Run Multiple Simulations
This tool allows you to run multiple simulations for the current drake equation result, giving you an overview of the likelihood of detecting a civilization.
|1 pixel on screen:||~0 ly
|Age of closest
|Cursor Position:||0 , 0|
|Distance To Sol:||0 ly
|R* = the average rate of star formation per year in our galaxy|
|fp = the fraction of those stars that have planets|
|ne = the average number of planets that can potentially support life per star that has planets|
|fl = the fraction of the above that actually go on to develop life at some point|
|fi = the fraction of the above that actually go on to develop intelligent life|
|fc = the fraction of civilizations that develop a technology that releases detectable signs of their existence into space|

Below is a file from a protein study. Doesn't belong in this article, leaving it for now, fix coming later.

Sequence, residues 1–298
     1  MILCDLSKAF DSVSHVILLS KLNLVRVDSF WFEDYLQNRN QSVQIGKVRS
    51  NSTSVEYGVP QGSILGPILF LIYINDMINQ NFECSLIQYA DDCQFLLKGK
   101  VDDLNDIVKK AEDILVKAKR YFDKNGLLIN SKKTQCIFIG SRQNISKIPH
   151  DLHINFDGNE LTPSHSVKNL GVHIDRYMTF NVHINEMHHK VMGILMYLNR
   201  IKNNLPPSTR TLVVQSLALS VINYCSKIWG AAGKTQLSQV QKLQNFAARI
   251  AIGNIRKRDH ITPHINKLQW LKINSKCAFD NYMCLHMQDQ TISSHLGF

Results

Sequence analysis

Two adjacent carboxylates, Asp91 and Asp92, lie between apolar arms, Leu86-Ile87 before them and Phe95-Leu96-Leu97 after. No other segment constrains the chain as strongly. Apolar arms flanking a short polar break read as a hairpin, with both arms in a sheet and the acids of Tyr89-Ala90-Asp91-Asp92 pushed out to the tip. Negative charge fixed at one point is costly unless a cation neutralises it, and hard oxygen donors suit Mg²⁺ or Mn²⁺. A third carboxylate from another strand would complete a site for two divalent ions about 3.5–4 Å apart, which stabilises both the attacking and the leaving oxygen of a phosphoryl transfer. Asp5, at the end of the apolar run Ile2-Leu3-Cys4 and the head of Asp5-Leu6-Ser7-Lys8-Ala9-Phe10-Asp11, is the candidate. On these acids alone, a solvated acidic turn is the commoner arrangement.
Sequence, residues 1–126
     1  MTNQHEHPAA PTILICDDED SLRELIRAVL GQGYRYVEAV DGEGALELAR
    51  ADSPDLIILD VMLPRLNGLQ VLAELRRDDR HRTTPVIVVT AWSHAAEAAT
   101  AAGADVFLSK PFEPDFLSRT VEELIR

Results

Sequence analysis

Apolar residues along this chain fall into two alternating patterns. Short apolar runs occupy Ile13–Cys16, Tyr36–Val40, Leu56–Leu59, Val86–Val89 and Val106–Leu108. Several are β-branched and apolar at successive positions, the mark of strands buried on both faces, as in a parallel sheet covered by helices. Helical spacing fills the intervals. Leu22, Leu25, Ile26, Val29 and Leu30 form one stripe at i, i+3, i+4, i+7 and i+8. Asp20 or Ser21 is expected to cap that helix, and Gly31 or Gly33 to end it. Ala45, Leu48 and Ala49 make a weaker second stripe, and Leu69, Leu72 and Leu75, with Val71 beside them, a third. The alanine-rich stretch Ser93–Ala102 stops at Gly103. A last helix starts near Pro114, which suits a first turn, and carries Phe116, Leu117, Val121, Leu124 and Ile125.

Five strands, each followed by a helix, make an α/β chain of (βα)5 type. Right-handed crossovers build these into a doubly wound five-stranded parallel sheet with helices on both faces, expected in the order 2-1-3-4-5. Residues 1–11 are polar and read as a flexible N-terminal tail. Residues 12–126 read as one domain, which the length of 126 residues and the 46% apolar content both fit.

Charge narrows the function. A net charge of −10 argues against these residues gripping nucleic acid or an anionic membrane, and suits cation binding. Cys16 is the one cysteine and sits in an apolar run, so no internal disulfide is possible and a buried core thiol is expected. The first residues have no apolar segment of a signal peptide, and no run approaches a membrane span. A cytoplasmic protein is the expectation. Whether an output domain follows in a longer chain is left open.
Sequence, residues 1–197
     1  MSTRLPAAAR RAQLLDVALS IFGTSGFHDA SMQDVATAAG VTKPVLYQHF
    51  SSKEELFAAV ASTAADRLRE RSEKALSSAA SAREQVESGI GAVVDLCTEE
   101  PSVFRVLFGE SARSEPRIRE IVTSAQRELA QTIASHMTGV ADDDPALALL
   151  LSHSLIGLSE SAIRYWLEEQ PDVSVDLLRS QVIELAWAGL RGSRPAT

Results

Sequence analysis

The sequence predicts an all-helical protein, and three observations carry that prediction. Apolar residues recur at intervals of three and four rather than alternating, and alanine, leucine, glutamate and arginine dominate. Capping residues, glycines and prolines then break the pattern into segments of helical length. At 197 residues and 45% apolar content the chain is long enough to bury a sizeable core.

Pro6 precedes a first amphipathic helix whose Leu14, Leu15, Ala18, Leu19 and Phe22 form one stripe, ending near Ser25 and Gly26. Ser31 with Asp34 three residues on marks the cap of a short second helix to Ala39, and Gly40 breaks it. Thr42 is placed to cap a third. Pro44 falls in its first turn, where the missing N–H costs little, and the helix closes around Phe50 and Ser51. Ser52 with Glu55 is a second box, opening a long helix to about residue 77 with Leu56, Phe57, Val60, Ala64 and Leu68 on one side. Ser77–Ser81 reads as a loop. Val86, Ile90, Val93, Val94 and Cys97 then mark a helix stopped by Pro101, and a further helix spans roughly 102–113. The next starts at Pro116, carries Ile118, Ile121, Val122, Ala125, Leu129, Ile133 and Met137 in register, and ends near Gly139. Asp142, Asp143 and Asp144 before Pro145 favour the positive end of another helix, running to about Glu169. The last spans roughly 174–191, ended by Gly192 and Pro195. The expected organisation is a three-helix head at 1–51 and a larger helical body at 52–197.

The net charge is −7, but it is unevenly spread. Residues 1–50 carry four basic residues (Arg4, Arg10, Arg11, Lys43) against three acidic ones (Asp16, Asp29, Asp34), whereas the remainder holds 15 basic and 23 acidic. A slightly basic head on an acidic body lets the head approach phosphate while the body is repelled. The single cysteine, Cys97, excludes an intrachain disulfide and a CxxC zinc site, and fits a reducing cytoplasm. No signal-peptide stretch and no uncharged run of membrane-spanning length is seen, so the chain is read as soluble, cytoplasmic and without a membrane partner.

|L = the length of time for which such civilizations release detectable signals into space|
The Galactic Population Simulator: a way to visualise the galaxy's estimated population
In 1961, a nerd god named Frank Drake came up with the Drake Equation: a mathematical equation to figure out how many detectable civilizations exist in a galaxy. The equation is simple, but involves many factors, most of which are not known accurately or are totally unknown.
This means that we can only put in estimates for several factors, and depending on the estimates you put in, you come up with wildly varying results, ranging from 'zero civilizations (just us!)' to 'hundreds of thousands'. The original figures Drake plugged in ranged from 20 to 50,000. Modern estimates tend to range between 0 and 10,000.
An estimate of 10,000 technological civilizations might sound like a lot, but is it really??
The Galaxy is a big place: current figures indicate that it's about 100,000 light-years across and 1000 light-years thick. It contains more than 100 billion stars, perhaps as many as 400 billion. Recent data from Kepler indicates that the milky way has at least 100 billion planets, and up to 40 billion of them may be earth-like (i.e with liquid water).